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Over the past 500 years, inventions such as telescopes, robots and fridges have revolutionised our relationships with one another and with the natural world. This module engages with some well-known inventions since the so-called 'scientific revolution' (c. 1600), alongside some unexpected and surprising ones. It examines their making and their use, and explores how they have contributed to the distinctively modern European perspective that has come to be known as ‘science’. This module approaches its topics from the perspectives of cultural and social history.

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This course explores the history of empires on a global scale. It challenges students to grasp the history of empires by examining their structures, instruments and consequences. The course will cover the history of empire from the sixteenth to the middle of the nineteenth century. Themes will include the expansion of European empires (Spanish, Portuguese, British, French, Dutch and Belgian) in the Americas, Asia, the global rivalry for empires among European nations in the eighteenth century, the commercial expansion of the East India Companies in the Indian Ocean,, the expansion British colonies in India, slavery and the Abolition movement and the Revolt of 1857. It will provide students with a critical historical knowledge of imperialism and globalisation.

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This course explores the history of empires on a global scale. It challenges students to grasp the history of empires by examining their structures, instruments and consequences. The course will cover the expansion of European empires from the end of the nineteenth to the middle of the twentieth century, in the age of decolonization. Topics include the conquest of Africa in the age of the so-called 'New Imperialism', the French and British Civilizing missions in Africa and Asia, the emergence of modern ideas of race, immigration, freedom struggles in Asia and Africa, and postcolonial cultural and political developments across the world. It will provide students with a critical historical knowledge of imperialism and globalisation and enable them to form a deep understanding of the postcolonial world.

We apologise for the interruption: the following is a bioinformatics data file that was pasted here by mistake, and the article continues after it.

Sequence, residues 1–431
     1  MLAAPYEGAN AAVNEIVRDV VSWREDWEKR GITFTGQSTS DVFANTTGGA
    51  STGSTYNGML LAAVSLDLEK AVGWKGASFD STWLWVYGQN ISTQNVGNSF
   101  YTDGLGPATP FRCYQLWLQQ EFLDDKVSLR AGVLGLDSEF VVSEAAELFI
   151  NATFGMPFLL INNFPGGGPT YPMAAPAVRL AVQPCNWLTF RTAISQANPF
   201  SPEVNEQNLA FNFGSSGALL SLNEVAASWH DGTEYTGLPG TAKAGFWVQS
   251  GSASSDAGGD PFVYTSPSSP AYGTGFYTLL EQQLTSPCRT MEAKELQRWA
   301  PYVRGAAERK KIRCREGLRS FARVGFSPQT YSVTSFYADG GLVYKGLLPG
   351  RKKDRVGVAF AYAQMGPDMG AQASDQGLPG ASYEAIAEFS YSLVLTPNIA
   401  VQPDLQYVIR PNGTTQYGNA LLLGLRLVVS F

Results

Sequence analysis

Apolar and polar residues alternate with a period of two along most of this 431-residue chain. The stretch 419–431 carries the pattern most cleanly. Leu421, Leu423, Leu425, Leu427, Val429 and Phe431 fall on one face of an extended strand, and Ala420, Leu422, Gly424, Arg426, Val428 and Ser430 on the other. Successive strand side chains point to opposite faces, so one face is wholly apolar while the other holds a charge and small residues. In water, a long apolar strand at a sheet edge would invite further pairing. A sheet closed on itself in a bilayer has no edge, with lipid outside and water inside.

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Subjects to be covered will include: The Crimean War; The Franco-Prussian War and German unification; the origins of the First World War; the Treaty of Versailles; the League of Nations; the origins of the Second World War; the Cold War in Europe; the origins of the European Union; from détente in Europe to the fall of Communism.

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This module explores the emergence of contemporary forms of sport through the nineteenth and twentieth centuries. The shifting forms and functions of sport will be studied and these will be related to changes to broader social and cultural transformations in British society. The tension that existed for much of this period between the amateur and the professional will be investigated as will the growing commercialisation of the sports industry. Students will learn about the diversity of sporting traditions across British history and examine how they were shaped by wider forces such as work, class and gender. To this end, the focus will fall not only on what are perceived to be the national winter and summer games of football and cricket but also on a range of other sports, such as rugby, netball, boxing, tennis, rowing and athletics.